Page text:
Motion of no confidence possible for PNG Prime Minister
Papua New Guinea's deputy opposition leader says he believes a no confidence motion in the Prime Minister will be successful, despite not knowing whether his bloc has the numbers.
A vote will be held on Friday afternoon after the Supreme Court ordered parliament to reconvene to hear the opposition's motion.
The vote was supposed to take place on June the 8th, but Parliament was adjourned following the police shooting of students who were trying to march in support of it.
With universities shut down by student protests, and other services threatening to strike if Prime Minister Peter O'Neill doesn't step down, Sam Basil says MPs must support the motion and the will of the people.
Mr Basil told Jamie Tahana it won't be clear whether the opposition, which has 15-members in a 111-seat parliament, will have the numbers until the 11th hour, as the government is manoeuvring for support.
SAM BASIL: The numbers will be decided by the current members of parliament and we know and the public already knows what the current regime is. The economy is pretty bad right now, we don't have foreign reserves, workers are being sent home, students are now in suspended classes and students are going home, they are fighting the same cause. So it is now becoming a well-known situation that everybody wants Peter O'Neill to step down. Now, the only thing that will hold some of the members of the government to still support him is money and we believe there is a lot of money that will be played around by the government. But we'd like to knock hard on their heads to let them know that the country is at stake.
JAMIE TAHANA: You're accusing the government right now of moving money around to try and get these numbers. That's a very big accusation to make. Do you have evidence of this or do you know of it happening?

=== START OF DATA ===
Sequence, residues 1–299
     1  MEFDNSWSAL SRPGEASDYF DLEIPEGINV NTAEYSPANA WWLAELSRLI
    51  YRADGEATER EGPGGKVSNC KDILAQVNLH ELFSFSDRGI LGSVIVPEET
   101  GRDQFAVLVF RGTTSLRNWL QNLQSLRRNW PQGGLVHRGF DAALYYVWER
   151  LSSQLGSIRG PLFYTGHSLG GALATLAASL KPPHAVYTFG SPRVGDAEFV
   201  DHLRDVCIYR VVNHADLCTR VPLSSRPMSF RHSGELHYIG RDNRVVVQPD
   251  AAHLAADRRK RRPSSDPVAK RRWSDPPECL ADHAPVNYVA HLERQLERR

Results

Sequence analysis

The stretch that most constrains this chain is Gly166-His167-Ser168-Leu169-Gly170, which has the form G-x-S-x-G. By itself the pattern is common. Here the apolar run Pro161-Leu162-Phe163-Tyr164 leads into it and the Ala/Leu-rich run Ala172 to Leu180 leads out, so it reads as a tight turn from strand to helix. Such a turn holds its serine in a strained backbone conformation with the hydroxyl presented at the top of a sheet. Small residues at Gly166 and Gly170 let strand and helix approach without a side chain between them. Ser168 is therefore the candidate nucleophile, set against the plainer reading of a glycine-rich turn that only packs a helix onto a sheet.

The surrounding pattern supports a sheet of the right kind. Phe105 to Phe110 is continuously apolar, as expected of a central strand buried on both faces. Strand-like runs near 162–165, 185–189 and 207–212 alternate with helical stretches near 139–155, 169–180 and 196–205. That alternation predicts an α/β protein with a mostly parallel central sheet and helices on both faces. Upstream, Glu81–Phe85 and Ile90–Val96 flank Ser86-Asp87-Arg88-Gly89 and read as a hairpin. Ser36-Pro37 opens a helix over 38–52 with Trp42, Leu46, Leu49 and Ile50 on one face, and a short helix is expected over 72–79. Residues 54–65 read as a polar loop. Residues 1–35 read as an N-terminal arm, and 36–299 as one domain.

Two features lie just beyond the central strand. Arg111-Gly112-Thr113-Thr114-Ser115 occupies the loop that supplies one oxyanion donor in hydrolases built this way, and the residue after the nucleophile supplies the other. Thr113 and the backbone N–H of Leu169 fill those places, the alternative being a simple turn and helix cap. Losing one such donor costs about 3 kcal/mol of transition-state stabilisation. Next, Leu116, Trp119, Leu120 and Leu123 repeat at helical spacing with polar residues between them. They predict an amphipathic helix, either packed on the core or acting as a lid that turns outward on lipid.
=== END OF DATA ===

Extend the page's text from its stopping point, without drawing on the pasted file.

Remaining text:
SB: I'm not accusing but I'm saying that it's normal practice in the Papua New Guinea parliament.
JT: Do you know that it's happening right now?
SB: It can easily happen.
JT: It can easily happen, and it has happened in the past, but is it happening now?
SB: It's possible that it can happen.
JT: But we don't have any known cases as such currently?
SB: Well in Papua New Guinea money plays politics. Everybody knows that. That is why the corruptest regime has a lot of war chest to play. So we know that when lobbying is going on there is a lot of money that is being traded, and that is the nature of PNG politics - we cannot deny that.
JT: Does the opposition have the numbers needed to topple Mr O'Neill's government?
SB: In PNG politics it's always determined at the 11th hour. People are talking and I cannot deny that. Members in government are talking to the opposition - not to the opposition, but let's go by party base. All political parties are talking to each other right now.
JT: OK so your bloc doesn't actually know if they have the numbers to have this motion be successful?
SB: By the 21st, we will know the answer. I think the current situation in Papua New Guinea is crying out for a change, and I think O'Neill is a fighter - he will not go down without fighting. But we are very adamant that he has done enough damage to this country and he has to go. Papua New Guineans all over are now asking for the Prime Minister to step down. And as I have said, as I am speaking now, flights are not operating out of Jacksons Airport. Papua New Guinea want the Prime Minister to step aside so we have to vote him out in the vote of no confidence.
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